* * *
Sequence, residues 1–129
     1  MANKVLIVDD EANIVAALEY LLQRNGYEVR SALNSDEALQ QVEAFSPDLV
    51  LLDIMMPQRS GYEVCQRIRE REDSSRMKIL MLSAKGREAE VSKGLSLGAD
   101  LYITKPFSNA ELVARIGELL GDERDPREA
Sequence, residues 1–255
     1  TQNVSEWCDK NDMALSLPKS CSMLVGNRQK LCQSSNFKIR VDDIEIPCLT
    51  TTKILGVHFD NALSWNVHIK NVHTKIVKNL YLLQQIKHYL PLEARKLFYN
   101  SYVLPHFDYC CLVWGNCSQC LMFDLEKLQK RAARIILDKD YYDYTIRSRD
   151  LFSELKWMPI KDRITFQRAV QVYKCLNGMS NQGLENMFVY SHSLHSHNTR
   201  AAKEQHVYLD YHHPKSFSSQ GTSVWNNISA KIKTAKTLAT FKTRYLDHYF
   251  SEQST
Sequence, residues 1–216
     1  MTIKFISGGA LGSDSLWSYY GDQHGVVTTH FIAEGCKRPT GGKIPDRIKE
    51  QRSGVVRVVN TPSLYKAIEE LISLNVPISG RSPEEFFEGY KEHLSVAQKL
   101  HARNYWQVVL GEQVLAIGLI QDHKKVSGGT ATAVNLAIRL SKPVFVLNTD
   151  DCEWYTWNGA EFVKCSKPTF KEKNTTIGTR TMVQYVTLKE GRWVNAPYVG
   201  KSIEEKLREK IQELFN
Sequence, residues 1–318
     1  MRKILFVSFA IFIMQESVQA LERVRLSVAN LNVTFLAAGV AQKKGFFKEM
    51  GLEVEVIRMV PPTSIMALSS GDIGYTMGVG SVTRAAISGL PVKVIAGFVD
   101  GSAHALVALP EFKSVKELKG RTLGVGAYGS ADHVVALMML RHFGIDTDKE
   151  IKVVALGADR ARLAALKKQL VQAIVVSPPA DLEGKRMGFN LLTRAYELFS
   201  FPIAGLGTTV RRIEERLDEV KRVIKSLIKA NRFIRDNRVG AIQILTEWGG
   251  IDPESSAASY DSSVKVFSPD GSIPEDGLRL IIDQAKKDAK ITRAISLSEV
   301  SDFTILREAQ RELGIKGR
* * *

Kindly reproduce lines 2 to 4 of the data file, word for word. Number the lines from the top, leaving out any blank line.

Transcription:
     1  MANKVLIVDD EANIVAALEY LLQRNGYEVR SALNSDEALQ QVEAFSPDLV
    51  LLDIMMPQRS GYEVCQRIRE REDSSRMKIL MLSAKGREAE VSKGLSLGAD
   101  LYITKPFSNA ELVARIGELL GDERDPREA